Outside of Norway, Denmark, Sweden, Iceland and Finland, there’s no legal way to watch the Norwegian teen drama series Skam – and yet across the world, it’s become 2017’s most talked-about show on Tumblr, according to stats aggregator Tumblr Fandometrics. How?
It all started in autumn last year. Without any marketing, a sizeable international community of Skam fans had begun to grow organically through word of mouth prior to the show’s third season. Network NRK received so many calls to give the show English subtitles that they eventually issued a response explaining that the show’s music rights made it legally impossible for them to subtitle it for an English-speaking audience. But that didn’t stop the fan community from stepping in and doing it themselves: using a network of blogs, Tumblr pages and Google Drive folders, Norwegian-speaking fans of the show subtitled and uploaded each episode for the show’s ever-expanding English-speaking fan community.
Given its unorthodox distribution method, there’s no data about the size of its audience, but according to Tumblr Fandometrics, it’s got a more chatty fan community than industry titans like Game of Thrones, Stranger Things and The Walking Dead. Here are three reasons why it’s been such a hit.
1. It’s about actual teenagers
When researching Skam, its creator, writer, director and showrunner Julie Andem spent six months travelling around Norway talking to teens there about their experiences, and she used what she learned to make a show for and about real teenagers. “We found one main need,” Andem told the New York Times last December. “Teenagers today are under a lot of pressure from everyone. Pressure to be perfect, pressure to perform. We wanted to do a show to take away the pressure.” This means Skam doesn’t try to get down with the kids: it just is.
2. It doesn’t romanticise the big stuff
Skam is often labelled the “Norwegian Skins“. It does broadly deal with the same highs and lows that Skins did, but here they come slathered in nuance, naturalism and even banality: there is no melodrama here. Each series centres on one character, and the issues they face both inside and outside their close-knit friendship groups. All four seasons of the show contain the same overall cast, but groups come in and out of focus each season – so a main character from season 1 might only appear in a handful of scenes in season 3, for example.
Across its four seasons, the show – whose title translates as “shame” – has sensitively handled issues including: bipolar disorder; the collapse of burgeoning relationships; coming out; growing up straddling two cultures; and even the detrimental effects of schoolyard hearsay.
Crucially, in almost every episode of Skam, viewers will get a keen sense that their fallible protagonists are learning more about themselves and others. Each episode is punctuated by quiet moments that manage to be incredibly telling – exemplified by a series-defining scene where Isak comes out to his gay housemate, Eskild: in it, Isak distances himself from gay culture, spewing out toe-curling internalised homophobia, before a furiously calm Eskild shuts him down. It’s the kind of shrewd, didactic moment Skins could only have dreamt of.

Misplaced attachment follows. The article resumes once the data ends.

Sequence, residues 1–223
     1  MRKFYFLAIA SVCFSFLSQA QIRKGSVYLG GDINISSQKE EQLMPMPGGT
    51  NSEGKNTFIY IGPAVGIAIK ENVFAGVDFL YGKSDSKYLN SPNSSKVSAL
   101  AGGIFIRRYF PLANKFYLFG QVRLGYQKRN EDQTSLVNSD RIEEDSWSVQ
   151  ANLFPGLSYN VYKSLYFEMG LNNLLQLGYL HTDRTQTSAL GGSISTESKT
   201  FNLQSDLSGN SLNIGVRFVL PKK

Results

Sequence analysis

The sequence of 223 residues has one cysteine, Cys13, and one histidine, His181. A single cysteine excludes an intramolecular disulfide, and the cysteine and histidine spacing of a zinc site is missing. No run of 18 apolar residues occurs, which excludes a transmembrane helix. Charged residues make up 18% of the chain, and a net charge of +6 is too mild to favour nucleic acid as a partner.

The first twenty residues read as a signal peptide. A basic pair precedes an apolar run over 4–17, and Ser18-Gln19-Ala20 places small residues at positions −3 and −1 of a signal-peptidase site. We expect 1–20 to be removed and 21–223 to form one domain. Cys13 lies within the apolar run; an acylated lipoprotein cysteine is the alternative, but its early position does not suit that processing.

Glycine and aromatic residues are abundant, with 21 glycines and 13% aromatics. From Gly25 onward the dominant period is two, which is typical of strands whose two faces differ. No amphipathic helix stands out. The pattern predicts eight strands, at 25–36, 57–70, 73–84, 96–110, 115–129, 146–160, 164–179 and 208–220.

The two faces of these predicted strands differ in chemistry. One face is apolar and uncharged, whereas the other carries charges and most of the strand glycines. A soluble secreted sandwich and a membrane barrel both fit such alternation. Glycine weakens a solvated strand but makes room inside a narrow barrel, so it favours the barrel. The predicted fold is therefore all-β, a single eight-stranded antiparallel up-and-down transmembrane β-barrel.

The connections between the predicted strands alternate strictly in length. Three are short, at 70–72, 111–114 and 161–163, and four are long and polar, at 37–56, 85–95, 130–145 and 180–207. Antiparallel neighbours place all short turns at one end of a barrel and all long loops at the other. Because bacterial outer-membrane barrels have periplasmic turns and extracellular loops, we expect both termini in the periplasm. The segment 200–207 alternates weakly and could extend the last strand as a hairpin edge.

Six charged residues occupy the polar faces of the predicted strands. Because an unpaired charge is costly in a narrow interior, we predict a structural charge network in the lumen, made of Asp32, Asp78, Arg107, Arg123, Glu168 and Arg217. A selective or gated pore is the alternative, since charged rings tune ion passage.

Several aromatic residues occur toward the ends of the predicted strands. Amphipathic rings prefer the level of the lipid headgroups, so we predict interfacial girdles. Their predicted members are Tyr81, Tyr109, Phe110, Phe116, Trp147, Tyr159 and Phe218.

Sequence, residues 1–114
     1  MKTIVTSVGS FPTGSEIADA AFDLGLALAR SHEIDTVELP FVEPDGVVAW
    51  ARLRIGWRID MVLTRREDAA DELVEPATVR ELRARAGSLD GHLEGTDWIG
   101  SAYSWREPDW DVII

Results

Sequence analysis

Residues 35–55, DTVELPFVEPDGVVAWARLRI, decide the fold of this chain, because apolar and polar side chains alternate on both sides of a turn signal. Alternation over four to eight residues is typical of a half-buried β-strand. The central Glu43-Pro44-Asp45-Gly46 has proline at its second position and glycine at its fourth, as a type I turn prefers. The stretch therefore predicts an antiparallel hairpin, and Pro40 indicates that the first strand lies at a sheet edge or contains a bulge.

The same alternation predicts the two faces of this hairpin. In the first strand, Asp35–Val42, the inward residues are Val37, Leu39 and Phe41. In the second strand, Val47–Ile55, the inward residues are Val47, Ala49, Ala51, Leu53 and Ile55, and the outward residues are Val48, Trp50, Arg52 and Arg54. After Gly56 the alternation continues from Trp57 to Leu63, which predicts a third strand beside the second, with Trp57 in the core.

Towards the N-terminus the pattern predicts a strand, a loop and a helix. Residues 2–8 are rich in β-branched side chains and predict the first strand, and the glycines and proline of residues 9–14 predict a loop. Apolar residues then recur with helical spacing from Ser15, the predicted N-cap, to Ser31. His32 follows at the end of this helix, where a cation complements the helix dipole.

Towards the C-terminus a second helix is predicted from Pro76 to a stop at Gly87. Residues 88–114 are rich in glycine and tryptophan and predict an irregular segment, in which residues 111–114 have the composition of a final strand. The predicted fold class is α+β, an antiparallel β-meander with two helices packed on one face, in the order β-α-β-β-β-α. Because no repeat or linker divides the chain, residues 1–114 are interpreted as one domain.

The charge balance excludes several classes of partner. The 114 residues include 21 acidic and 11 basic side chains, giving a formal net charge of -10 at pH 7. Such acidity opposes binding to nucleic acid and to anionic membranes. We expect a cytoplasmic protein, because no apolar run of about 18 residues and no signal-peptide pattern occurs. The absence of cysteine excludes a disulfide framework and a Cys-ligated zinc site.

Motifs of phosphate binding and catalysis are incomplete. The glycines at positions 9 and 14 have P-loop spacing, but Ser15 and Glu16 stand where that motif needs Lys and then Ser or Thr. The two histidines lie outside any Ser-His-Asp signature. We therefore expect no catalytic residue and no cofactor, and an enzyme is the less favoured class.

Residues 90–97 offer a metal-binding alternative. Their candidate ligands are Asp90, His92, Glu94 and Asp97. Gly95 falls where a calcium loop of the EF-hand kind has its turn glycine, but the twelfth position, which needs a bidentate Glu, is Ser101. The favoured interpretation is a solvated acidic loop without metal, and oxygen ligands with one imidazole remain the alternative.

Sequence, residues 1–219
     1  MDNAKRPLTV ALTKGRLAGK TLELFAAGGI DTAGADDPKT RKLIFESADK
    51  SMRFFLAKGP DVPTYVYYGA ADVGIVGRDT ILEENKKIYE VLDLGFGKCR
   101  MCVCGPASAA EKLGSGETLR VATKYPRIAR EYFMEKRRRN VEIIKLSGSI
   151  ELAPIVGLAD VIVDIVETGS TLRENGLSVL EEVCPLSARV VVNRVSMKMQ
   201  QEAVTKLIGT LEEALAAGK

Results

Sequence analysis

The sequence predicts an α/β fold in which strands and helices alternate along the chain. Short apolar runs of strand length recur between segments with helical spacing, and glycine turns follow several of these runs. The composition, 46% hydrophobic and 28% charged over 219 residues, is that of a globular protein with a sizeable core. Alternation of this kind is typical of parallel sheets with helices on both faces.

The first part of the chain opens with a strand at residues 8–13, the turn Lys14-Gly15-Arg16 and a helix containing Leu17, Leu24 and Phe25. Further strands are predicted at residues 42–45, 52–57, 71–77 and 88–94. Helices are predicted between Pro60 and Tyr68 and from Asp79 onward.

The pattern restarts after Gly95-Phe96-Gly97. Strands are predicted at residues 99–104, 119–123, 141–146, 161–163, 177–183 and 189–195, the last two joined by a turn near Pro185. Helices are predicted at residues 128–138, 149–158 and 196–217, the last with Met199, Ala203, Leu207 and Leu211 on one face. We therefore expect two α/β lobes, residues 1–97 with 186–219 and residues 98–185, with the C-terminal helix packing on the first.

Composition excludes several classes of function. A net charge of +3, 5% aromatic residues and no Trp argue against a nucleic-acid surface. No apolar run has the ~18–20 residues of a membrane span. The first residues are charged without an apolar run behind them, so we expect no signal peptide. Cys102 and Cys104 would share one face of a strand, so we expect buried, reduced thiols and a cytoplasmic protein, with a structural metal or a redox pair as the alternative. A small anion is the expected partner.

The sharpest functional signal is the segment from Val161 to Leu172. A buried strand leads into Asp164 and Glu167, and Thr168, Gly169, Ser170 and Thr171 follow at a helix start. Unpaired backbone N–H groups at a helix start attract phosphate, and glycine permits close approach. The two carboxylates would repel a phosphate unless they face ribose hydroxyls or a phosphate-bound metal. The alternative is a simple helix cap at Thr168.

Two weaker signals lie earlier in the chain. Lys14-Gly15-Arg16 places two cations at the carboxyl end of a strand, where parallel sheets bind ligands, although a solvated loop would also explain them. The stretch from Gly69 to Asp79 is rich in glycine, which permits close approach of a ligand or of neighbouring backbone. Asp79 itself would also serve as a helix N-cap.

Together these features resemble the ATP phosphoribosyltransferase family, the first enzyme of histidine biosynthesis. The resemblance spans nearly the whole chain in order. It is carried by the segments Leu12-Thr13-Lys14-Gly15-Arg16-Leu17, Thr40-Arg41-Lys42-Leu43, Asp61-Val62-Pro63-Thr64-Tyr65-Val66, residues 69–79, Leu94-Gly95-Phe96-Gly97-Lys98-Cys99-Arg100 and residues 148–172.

3. It happens in real time
In its approach to storytelling, Skam is a proper pioneer, spanning formats of Instagram, webisodes and traditional broadcast in a way that’s never been done before, and which has helped foster its ravenous fan community. Each episode tells the story of one week, but consists of several scenes that drop in real time online: say a classroom scene happens at 2pm on a Wednesday – that scene will drop online at 2pm on Wednesday.
Over on Instagram, if you’re following the show’s characters – Vilde, Noora, or Isak, for example – their posts will drop on your feed as they ‘happen’ in the timeline of the episode, immersing viewers in each week’s events, teasing future scenes, and in some cases highlighting the mind-numbingly performative aspects of social media.
Then, at the end of the week, the whole week’s scenes are collected and broadcast in one go for viewers that want to experience a more traditional episodic format – but it’s never quite the same as ‘normal’ TV, because these episodes can last between 15 and 59 minutes.
Whichever way you watch, you can opt into an extremely immersive viewing experience on multiple channels, which only heightens the realism of Andem’s fictional world.
After two years and four seasons, Skam has now come to an end in Norway, but creator Julie Andem is currently working on an American version of the show set in Austin, Texas. On November 10, 2017 she announced casting had begun, so it’ll be a while yet before we see it – but it’s likely her vision is going to become an English-language phenomenon of its own very soon. We’ll leave you with her optimistic words on the forthcoming project:
“I have decided to showrun and direct the American version of Skam. I didn’t want to give it to someone else. It will be a challenge to try to make it in a different culture, in a different language, to a much larger and diverse audience, but I promise that I will put all of my effort and heart in to it. And I am going to need your help. Because Skam is not my show. All of us own Skam. It is not just a drama series, it’s an event and a community that all of you are a part of and contribute to. So please help me. Let’s show teens everywhere that they are not alone.”